The Steelers hit their bye after the Bengals game and are expected to get back Le'Veon Bell from his holdout during the week off, which gives them two weeks to work Bell back into shape in advance of a pair of divisional games against the Browns and Ravens. If the Steelers can roll off a winning streak and make it to 5-2-1, they'll be absolutely fine. Lose one or two of those games, though, and Pittsburgh might need to be close to perfect during the second half to make a fifth consecutive trip to the postseason.

3. San Francisco 49ers (1-4)

Preseason FPI playoff chances: 35.9 percent
Current FPI playoff chances: 1.7 percent
Difference: 34.2 percent

Losing Jimmy Garoppolo hurts. The Jimmy G injury, though, isn't the only thing ailing San Francisco. Consider what the 49ers were up against when they faced the Cardinals on Sunday:

  • Garoppolo is out for the year with a torn ACL.

  • Their first-choice running back, Jerick McKinnon, is out for the year with a torn ACL. New starter Matt Breida came into the game with multiple injuries and left with a high ankle sprain, which could keep him out for a couple of weeks and greatly limit his effectiveness afterward.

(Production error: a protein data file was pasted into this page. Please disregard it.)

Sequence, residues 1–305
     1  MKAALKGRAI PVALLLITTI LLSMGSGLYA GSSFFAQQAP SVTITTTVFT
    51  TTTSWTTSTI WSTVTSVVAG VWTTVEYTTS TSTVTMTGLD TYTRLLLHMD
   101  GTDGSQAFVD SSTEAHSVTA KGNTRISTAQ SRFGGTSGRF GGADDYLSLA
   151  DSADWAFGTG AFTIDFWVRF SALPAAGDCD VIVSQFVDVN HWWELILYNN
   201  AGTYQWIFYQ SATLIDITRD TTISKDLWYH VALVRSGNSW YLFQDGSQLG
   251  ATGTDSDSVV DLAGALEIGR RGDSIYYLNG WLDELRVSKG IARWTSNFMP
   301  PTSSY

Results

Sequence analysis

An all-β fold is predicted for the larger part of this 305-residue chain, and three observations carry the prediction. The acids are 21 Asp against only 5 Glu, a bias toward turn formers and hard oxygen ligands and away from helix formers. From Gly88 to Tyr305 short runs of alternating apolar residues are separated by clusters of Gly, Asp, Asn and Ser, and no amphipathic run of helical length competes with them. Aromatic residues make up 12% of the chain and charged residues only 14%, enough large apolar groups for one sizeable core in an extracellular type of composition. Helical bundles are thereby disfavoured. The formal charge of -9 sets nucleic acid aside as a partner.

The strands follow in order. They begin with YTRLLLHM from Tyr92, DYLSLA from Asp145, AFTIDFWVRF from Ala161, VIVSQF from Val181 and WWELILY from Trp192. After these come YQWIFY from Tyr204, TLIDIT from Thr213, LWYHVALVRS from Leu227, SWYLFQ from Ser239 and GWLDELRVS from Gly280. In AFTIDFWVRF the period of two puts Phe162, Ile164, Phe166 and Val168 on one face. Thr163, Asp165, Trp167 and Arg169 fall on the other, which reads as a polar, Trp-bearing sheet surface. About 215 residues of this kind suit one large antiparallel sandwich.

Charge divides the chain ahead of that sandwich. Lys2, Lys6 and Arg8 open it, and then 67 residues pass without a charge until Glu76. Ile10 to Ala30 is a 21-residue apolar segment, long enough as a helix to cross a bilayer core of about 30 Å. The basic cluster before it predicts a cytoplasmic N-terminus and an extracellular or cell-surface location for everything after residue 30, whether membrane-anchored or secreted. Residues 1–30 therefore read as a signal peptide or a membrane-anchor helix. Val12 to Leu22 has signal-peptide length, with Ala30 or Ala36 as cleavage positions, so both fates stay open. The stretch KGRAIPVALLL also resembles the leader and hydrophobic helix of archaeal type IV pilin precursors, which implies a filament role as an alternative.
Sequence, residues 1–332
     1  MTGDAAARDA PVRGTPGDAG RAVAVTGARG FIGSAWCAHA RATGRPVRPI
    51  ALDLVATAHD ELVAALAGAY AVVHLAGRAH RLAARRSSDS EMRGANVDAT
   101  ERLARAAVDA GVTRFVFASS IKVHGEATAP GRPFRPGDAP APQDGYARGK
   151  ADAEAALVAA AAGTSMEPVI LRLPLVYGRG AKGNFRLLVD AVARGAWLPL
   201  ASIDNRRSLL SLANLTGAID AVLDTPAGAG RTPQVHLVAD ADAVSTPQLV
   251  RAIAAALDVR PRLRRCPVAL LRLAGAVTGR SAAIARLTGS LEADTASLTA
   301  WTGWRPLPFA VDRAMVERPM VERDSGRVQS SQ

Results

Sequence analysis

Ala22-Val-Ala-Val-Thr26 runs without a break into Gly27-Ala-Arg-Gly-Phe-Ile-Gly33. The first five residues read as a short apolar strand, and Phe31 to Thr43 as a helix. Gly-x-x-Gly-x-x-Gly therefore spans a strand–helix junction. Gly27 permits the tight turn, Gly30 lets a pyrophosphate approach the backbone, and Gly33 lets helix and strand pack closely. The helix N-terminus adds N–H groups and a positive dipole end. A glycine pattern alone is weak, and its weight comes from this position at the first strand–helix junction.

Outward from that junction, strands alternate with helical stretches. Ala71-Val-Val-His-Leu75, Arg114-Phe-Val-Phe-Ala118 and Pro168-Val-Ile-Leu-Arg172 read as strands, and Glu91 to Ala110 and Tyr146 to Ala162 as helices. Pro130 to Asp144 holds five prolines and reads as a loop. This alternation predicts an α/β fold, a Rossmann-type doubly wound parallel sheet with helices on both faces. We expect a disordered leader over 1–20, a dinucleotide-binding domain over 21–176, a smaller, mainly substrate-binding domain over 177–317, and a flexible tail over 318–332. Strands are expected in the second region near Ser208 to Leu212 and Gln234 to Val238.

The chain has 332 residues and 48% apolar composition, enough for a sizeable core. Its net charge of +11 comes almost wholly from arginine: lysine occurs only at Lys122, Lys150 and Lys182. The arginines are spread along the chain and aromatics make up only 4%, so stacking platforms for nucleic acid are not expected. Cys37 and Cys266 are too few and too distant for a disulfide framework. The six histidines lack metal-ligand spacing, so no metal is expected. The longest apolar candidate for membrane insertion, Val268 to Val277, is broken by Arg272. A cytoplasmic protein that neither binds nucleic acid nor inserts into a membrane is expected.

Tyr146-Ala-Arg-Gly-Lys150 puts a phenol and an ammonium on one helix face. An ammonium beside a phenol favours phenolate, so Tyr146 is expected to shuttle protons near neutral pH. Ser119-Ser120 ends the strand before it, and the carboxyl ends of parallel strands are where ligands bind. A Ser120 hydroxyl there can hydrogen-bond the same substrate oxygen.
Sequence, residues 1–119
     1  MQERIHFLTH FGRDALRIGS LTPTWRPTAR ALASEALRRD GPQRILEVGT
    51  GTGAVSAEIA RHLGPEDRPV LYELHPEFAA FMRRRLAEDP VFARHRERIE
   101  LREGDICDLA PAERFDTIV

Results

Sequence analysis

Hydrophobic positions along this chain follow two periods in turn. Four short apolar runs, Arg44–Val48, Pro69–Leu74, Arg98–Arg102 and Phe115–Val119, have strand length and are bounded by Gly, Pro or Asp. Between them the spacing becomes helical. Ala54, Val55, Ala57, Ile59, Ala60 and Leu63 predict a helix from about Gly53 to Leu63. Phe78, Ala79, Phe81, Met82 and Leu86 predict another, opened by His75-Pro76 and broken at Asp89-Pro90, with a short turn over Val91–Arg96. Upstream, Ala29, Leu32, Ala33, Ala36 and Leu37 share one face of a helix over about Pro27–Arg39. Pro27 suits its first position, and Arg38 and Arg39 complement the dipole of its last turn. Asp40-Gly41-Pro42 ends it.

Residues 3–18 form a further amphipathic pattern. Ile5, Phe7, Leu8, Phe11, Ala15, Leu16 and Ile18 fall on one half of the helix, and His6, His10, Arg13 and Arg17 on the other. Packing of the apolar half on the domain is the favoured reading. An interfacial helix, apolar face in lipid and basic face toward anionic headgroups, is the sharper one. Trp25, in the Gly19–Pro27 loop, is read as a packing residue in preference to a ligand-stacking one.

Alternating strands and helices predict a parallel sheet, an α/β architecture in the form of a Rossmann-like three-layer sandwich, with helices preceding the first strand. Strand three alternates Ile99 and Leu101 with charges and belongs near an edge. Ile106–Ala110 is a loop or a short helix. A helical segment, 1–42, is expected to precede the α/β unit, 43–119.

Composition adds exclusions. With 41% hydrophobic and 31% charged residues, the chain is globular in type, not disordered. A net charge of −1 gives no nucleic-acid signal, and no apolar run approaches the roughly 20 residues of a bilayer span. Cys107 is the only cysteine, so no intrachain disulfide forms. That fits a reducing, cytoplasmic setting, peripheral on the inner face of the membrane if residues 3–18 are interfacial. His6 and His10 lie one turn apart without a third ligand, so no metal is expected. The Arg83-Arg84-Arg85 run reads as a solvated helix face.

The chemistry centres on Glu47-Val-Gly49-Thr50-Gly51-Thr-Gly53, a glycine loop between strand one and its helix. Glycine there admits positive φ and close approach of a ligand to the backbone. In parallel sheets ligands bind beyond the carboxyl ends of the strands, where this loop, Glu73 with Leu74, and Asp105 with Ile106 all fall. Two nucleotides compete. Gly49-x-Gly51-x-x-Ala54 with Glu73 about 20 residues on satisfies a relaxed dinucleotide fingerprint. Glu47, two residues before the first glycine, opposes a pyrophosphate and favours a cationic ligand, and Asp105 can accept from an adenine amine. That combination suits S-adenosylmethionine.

• Wideouts Marquise Goodwin and Dante Pettis, each of whom would have seen significant snaps, were out. No. 1 wideout Pierre Garcon left the game with a shoulder injury and was clearly less than 100 percent upon returning.

  • Tight end Garrett Celek left the game with a quadriceps injury, while starting tight end George Kittle briefly left with a knee injury.

  • The team's three top offensive linemen -- tackles Joe Staley and Mike McGlinchey and center Weston Richburg -- all came into the game less than 100 percent. Staley wasn't his usual self, while Richburg was unable to finish the game.

This is a colony collapse of an offense. I don't know how you can make any judgments about anything related to the 49ers or their future when they have an entire unit of players who are either unavailable due to injuries or playing through pain. The defense is struggling, but that's going to happen when the offense turns the ball over four times and lets the other team start four drives on the plus side of the field, as the 49ers did on Sunday. (One of those drives was a meaningless set of kneel-downs after an onside kick, but the 49ers also gave up the ball on the Arizona 46-yard line on a fifth possession, so I'm calling it even.)